A new bipartisan group of civic leaders says it will host publicly accessible debates for Washington’s gubernatorial and U.S. Senate races this fall.

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Saying regular voters are increasingly shut out of political debates, a bipartisan group of state civic leaders says it will host nonpartisan, publicly accessible debates this fall for the U.S. Senate and gubernatorial races.

Calling itself the Washington State Debate Coalition, the group — including former U.S. Sen. Slade Gorton, a Republican, and former U.S. Rep. Norm Dicks, a Democrat — said it wants three debates each in the U.S. Senate and gubernatorial contests.

The coalition, organized by Seattle CityClub, says it wants debates that allow direct public participation and get beyond the partisan sound bites and 30-second TV ads that dominate the political scene.

“Informed, publicly accessible debates are harder to come by these days,” said Diane Douglas, executive director of Seattle CityClub.

Details including the format and locations of the debates have yet to be worked out, but a powerful group of endorsers already is on board. They include former Govs. Gary Locke and Chris Gregoire, former Washington Secretaries of State Ralph Munro and Sam Reed, and Bill Ruckelshaus, former administrator of the U.S. Environmental Protection Agency.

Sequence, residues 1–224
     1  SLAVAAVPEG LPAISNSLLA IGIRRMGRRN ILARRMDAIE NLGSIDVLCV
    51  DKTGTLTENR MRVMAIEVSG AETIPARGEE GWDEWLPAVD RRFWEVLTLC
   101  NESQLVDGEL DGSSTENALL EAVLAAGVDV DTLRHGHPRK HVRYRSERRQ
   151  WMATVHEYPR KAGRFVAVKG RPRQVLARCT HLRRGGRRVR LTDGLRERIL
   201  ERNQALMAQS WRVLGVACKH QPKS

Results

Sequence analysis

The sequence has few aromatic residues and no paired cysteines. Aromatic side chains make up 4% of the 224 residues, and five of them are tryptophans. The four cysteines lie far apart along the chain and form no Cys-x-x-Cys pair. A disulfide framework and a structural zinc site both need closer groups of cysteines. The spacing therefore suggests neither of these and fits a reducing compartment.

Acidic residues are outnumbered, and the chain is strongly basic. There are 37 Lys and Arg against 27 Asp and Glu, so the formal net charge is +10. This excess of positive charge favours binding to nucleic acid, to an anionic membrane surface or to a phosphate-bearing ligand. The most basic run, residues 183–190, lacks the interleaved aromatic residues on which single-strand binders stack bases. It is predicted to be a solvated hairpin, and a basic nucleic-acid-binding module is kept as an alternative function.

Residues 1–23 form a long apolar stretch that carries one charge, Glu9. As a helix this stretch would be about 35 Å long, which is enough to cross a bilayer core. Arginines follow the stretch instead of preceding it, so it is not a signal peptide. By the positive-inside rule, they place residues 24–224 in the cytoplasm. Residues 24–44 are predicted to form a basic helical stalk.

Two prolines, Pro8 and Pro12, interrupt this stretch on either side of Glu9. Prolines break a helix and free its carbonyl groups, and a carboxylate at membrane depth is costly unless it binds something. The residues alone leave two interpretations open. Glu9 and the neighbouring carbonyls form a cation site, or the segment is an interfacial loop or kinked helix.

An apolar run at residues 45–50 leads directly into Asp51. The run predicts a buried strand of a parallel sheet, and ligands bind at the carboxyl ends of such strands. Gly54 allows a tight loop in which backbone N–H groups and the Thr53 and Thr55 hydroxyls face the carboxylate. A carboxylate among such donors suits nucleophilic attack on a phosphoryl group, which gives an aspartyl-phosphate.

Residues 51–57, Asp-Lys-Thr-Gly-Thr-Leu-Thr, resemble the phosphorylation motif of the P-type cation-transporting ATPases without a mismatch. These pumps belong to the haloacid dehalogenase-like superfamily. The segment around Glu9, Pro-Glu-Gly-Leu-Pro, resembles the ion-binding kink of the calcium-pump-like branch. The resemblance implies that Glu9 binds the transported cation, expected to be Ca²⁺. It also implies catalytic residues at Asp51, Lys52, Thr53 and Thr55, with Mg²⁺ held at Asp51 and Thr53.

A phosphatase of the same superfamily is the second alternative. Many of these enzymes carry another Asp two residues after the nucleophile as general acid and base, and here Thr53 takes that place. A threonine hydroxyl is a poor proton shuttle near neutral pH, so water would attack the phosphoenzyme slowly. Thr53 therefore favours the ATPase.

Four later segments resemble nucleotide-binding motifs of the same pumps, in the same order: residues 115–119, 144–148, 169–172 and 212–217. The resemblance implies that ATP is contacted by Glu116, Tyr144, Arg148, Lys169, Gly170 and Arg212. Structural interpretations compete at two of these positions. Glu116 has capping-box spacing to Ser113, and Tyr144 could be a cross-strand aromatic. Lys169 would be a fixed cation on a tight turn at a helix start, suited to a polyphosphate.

Also backing the effort are dozens of colleges and universities and media organizations.

The list of backers should give the coalition clout when it asks candidates to commit to show up this fall, fighting the historical efforts of incumbents to limitdebate opportunities.

U.S. Sen. Patty Murray, a Democrat, typically has agreed to just two televised debates in her recent re-election bids.

Dicks, a Bremerton Democrat who represented the state’s 6th Congressional District from 1977 to 2013, said incumbents shouldn’t shy away from standing on stage with their challengers.

“I hope that they will be willing to debate their opponents,” he said, calling the new effort “long overdue.”

Murray, who is seeking a fifth term this year, faces a challenge from former state Republican Party Chair Chris Vance.

In the governor’s race, former Seattle Port Commissioner Bill Bryant, a Republican, is taking on Gov. Jay Inslee, a Democrat who won his first term in 2012.